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Thursday, May 10, 2007

Big surprise in education policy: laptops don't make people smart?

After many schools across the country rushed to bring the Digital Age to every child, many are abandoning their laptop programs. But weren't computers supposed to bring the miracles of technology and efficiency to brighten the prospects of students?
The students at Liverpool High have used their school-issued laptops to exchange answers on tests, download pornography and hack into local businesses. When the school tightened its network security, a 10th grader not only found a way around it but also posted step-by-step instructions on the Web for others to follow (which they did)... officials here and in several other places said laptops had been abused by students, did not fit into lesson plans, and showed little, if any, measurable effect on grades and test scores at a time of increased pressure to meet state standards. (emphasis mine)

There's been plenty of research on what kinds of investments in schools actually work. This study and this study show that teacher credentials and knowledge are some of the best predictors of higher classroom performance by their students. In other words, instead of buying laptops for kids, we could be paying for school for teachers and be seeing results.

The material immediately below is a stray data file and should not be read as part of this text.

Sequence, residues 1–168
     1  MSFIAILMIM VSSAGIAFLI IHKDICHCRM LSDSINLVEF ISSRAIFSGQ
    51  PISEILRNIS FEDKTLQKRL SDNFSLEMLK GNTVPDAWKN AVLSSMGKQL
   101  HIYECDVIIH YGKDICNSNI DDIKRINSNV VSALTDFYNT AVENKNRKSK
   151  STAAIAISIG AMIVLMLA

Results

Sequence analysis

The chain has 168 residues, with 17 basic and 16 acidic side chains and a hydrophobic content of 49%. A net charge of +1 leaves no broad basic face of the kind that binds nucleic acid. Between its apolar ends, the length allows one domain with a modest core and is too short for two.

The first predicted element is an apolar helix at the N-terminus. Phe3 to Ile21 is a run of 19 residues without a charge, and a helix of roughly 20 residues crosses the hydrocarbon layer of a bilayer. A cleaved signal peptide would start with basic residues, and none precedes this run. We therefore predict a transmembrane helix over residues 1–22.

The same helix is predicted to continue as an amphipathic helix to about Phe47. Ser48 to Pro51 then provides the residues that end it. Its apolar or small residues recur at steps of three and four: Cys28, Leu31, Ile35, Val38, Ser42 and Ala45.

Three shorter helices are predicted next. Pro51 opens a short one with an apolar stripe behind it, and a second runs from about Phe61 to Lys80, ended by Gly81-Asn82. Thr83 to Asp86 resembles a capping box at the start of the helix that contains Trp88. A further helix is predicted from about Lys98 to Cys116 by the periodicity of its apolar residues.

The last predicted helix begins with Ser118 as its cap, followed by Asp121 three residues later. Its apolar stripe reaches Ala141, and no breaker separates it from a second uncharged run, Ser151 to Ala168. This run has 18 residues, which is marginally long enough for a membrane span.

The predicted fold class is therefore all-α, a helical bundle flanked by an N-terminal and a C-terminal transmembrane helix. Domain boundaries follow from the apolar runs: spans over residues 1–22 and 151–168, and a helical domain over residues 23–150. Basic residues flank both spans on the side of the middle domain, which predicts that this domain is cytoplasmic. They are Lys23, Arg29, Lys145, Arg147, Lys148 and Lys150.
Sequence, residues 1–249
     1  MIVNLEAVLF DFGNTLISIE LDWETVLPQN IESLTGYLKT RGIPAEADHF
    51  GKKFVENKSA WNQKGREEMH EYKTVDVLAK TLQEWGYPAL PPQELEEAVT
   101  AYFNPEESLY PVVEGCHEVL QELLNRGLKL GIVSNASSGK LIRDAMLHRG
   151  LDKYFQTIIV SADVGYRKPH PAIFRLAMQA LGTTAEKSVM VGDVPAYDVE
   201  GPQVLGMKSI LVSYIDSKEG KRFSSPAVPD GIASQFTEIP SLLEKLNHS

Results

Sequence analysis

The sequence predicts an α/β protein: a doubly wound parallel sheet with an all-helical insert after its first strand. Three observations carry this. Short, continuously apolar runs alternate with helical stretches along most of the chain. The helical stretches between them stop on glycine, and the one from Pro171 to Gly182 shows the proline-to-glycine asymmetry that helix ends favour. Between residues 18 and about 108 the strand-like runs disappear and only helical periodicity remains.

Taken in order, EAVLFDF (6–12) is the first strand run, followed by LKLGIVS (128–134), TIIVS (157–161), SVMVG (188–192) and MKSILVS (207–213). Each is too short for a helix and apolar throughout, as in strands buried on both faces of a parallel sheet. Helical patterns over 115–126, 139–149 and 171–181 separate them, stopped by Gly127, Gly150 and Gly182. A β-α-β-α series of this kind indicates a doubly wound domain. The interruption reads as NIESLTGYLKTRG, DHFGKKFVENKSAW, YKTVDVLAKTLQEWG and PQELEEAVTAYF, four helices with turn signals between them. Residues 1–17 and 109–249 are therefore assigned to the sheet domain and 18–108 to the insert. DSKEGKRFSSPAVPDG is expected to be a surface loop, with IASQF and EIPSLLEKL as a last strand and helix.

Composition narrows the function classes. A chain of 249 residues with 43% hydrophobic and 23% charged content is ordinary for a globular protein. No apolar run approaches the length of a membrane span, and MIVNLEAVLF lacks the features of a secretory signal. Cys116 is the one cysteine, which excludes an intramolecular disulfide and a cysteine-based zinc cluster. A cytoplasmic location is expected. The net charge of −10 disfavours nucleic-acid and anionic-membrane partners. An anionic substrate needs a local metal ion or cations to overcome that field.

Other programs are also showing evidence of success by investing in better methods of teaching, such as this "SMART classroom" in suburban Minneapolis.
Hula hoops hang in one corner of the room. A climbing gym stands in the middle. Bouncing balls, gym mats, trampolines and vibrant colors fill the rest of the room. SMART stands for "Stimulating Maturity through Accelerated Readiness Training." It's a program made up of physical activities that stimulate brain growth in children...

...During the first year, DeCorsey said, teachers could already see a difference. Only 52 percent of third-graders were reading at grade level at the beginning of the year. After four months of the program, that jumped to 90 percent.

But what about cost?
Farnham estimated the district had to spend about $1,000 for all the supplies involved, and training each teacher cost more than $400.
So how about it? You could pick up 4 inexpensive - and completely useless - laptops for education users through Dell for $3,400 or you could buy supplies for two, effective SMART classrooms and train 3 teachers. Oh, and did I mention that teachers don't go obsolete in 3-4 years?

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